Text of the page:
Huffpost Politics

Featuring fresh takes and real-time analysis from HuffPost's signature lineup of contributors

Alan Kelly Headshot

Hen House Rules: In Business, Shoot the Fox; In Politics, Get Him a Chair

Posted: Updated:

For more on this post listen to Alan Kelly on SiriusXM POTUS 12-05-13.

At the risk of stating the obvious, there's a fox in the Obamacare hen house. It comes in the form of House Republican leaders, Senate Minority detractors and rich surrogates like the Koch Brothers and their Americans for Prosperity storefront. Prowling as they do the nests of Democrats, their lip-smacking presence is enough to upset any bird -- by analogy, the architects and bureaucrats of the Obama administration who labor now to bring the Affordable Care Act and its hairball of a website to some reasonable fruition.

Of course it is a hairball, not unlike other programming misadventures. Recall, for example, the maverick tech CEO Scott McNealy whose sticky Label, "Windows is a giant hair ball," memorialized Microsoft's vaunted operating system as a tangle of spaghetti code. McNealy's snipes weren't made from inside Microsoft's sprawling campus, however. His plays were understood to be the work of a rival wholly outside the factory works and easily dispatched by way of Pass plays and Deflects.


In Washington, by contrast, rivals are not only physically closer, they are fiscally and philosophically involved. Senate Minority Leader Mitch McConnell (R-KY), as an example, is a full and official participant in the policies and processes that guide Obamacare. And like McNealy he runs his plays, calling Obamacare "absolute chaos" and "an expensive joke," among other well-written bites. It's as though Amazon CEO Jeff Bezos roams the halls at IBM, FedEx or The Washington Times, holding meetings on the budgets and policies of his portfolio competitors.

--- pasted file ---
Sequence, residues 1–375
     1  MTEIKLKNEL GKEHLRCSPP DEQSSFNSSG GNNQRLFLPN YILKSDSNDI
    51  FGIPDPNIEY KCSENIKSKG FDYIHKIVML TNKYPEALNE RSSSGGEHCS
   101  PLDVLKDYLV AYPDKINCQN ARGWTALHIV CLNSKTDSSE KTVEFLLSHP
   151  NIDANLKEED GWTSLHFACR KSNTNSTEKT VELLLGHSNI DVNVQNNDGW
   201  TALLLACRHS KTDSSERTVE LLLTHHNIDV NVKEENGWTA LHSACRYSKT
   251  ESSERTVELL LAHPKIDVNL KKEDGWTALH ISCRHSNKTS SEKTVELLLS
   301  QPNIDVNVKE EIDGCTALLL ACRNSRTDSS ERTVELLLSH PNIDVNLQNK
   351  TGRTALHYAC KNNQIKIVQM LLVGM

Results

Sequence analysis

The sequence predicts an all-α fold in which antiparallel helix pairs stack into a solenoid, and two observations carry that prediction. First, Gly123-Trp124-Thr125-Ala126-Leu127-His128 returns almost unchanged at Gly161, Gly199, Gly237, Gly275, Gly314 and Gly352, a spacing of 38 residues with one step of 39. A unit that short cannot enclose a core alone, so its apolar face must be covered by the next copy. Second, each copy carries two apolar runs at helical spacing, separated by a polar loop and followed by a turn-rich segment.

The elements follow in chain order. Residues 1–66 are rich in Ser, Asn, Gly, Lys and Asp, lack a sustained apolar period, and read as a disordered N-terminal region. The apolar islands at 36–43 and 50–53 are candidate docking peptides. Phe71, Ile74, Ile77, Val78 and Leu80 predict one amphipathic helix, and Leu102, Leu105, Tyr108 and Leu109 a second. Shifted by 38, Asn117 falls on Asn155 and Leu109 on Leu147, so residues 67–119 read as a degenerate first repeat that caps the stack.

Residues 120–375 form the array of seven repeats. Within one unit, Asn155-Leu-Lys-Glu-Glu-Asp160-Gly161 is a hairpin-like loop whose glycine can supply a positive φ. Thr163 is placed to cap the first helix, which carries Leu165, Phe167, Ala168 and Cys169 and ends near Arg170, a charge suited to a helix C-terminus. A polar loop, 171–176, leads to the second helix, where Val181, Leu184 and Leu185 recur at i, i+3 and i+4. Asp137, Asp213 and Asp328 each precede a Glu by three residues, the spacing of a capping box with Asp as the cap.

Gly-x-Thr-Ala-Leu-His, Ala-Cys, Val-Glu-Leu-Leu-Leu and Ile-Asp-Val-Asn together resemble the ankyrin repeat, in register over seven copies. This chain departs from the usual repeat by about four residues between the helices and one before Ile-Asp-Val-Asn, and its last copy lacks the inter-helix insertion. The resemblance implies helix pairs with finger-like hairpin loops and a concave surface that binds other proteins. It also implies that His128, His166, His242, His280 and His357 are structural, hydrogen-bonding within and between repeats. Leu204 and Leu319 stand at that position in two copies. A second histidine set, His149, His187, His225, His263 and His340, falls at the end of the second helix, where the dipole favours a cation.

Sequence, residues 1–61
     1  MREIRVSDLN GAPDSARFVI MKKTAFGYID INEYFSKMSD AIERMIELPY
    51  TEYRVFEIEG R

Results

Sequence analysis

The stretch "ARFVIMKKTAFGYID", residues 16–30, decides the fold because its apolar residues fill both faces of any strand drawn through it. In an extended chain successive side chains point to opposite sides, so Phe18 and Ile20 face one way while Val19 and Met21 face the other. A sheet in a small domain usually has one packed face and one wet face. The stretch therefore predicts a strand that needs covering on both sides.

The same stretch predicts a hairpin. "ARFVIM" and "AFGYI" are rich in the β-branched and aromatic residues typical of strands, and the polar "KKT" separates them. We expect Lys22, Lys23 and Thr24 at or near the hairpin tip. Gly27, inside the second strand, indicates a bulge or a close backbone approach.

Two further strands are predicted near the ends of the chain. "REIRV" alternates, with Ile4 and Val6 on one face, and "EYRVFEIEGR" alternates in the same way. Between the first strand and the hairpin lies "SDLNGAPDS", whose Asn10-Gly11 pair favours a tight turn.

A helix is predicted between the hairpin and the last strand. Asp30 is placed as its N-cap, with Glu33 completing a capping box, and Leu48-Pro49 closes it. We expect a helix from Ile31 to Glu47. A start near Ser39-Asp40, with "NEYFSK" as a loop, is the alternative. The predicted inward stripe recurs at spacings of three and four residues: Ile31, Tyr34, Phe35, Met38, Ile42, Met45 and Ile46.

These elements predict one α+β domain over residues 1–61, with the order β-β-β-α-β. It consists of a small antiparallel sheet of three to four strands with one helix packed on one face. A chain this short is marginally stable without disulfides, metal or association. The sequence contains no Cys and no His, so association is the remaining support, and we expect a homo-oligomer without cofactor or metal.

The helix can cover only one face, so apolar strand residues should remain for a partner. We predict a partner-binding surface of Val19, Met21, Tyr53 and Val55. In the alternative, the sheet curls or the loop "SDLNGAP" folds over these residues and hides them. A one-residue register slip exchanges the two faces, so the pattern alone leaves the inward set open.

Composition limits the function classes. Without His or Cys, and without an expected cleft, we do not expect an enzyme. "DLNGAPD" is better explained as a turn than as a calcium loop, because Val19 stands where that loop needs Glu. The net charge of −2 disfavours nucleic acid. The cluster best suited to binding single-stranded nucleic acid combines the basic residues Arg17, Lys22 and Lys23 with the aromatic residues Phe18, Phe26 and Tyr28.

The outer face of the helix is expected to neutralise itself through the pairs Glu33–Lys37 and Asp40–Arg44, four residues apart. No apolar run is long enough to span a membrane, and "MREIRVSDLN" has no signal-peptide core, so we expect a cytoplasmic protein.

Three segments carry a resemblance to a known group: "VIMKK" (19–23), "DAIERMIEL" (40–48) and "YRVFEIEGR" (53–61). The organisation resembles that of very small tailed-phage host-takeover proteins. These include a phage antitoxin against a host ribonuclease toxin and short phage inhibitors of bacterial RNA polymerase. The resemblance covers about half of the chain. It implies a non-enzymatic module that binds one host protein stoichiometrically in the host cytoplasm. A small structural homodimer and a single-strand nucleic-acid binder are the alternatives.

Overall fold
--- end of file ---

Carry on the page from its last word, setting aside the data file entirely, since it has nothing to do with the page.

Whether in government or commerce, the management of detractors is a given. But a very real difference is the degree to which competing players are allowed to influence the outcome. In business saboteurs are removed from their offices; in D.C. they are a given a chair to sit in. By virtue of proximity and position, McConnell and his party are wreaking havoc on Obamacare. They are the fox in the proverbial hen house -- chaos of its own kind -- but perhaps too they are a guarantor that everyone is paying attention.